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J Clin Oncol. 2015 Jul 10;33(20):2239-45. doi: 10.1200/JCO.2014.58.8517. Epub 2015 May 18.

Validation and Development of a Modified Breast Graded Prognostic Assessment As a Tool for Survival in Patients With Breast Cancer and Brain Metastases.

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All authors: University of Texas MD Anderson Cancer Center, Houston, TX.
All authors: University of Texas MD Anderson Cancer Center, Houston, TX.



Several indices have been developed to predict overall survival (OS) in patients with breast cancer with brain metastases, including the breast graded prognostic assessment (breast-GPA), comprising age, tumor subtype, and Karnofsky performance score. However, number of brain metastases-a highly relevant clinical variable-is less often incorporated into the final model. We sought to validate the existing breast-GPA in an independent larger cohort and refine it integrating number of brain metastases.


Data were retrospectively gathered from a prospectively maintained institutional database. Patients with newly diagnosed brain metastases from 1996 to 2013 were identified. After validating the breast-GPA, multivariable Cox regression and recursive partitioning analysis led to the development of the modified breast-GPA. The performances of the breast-GPA and modified breast-GPA were compared using the concordance index.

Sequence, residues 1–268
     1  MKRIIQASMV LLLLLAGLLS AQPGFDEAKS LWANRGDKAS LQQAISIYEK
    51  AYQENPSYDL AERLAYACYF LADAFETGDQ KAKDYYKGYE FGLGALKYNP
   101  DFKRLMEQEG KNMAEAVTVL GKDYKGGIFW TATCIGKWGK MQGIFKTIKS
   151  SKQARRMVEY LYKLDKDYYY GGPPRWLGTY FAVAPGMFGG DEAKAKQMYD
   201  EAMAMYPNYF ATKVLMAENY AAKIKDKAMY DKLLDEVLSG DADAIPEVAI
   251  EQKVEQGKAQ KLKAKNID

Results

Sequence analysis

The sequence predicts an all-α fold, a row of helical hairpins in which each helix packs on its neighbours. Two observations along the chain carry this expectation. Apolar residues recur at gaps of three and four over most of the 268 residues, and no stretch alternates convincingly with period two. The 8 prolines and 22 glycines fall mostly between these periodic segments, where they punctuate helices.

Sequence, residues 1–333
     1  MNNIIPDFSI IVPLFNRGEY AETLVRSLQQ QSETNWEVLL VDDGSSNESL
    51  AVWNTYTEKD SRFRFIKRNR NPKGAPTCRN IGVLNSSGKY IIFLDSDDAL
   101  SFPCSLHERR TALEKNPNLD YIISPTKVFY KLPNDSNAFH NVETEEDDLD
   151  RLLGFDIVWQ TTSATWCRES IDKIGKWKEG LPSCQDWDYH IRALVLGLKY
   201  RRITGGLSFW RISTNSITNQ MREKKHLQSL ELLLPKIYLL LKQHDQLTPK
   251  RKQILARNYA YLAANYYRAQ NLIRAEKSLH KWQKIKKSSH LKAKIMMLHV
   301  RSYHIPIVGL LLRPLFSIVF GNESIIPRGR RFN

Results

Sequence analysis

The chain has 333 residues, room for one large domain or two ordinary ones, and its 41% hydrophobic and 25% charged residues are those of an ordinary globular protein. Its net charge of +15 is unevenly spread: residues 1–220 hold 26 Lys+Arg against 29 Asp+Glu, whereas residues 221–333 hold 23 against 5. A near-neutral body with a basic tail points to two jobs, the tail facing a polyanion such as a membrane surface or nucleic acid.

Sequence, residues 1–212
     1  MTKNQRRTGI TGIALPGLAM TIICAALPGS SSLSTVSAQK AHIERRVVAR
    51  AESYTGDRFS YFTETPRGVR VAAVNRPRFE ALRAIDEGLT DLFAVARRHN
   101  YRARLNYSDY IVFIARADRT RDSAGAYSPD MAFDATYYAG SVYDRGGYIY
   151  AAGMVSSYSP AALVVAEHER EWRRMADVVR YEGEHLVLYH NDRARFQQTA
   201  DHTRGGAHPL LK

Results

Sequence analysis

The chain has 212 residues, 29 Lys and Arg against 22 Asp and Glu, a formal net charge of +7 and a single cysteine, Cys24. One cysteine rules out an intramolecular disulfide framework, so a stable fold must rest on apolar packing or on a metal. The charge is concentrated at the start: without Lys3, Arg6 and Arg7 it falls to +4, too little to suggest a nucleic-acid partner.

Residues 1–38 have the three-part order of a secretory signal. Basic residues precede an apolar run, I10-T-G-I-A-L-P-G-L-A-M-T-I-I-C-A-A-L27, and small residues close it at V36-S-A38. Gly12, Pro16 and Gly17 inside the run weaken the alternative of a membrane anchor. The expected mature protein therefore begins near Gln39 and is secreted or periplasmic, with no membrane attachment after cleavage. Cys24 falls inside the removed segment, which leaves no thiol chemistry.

In our cohort of 1,552 patients, the breast-GPA was validated as a prognostic tool for OS (P < .001). In multivariable analysis of the breast-GPA and number of brain metastases (> three v ≤ three), both were independent predictors of OS. We therefore developed the modified breast-GPA integrating a fourth clinical parameter. Recursive partitioning analysis reinforced the prognostic significance of these four factors. Concordance indices were 0.78 (95% CI, 0.77 to 0.80) and 0.84 (95% CI, 0.83 to 0.85) for the breast-GPA and modified breast-GPA, respectively (P < .001).


The modified breast-GPA incorporates four simple clinical parameters of high prognostic significance. This index has an immediate role in the clinic as a formative part of the clinician's discussion of prognosis and direction of care and as a potential patient selection tool for clinical trials.

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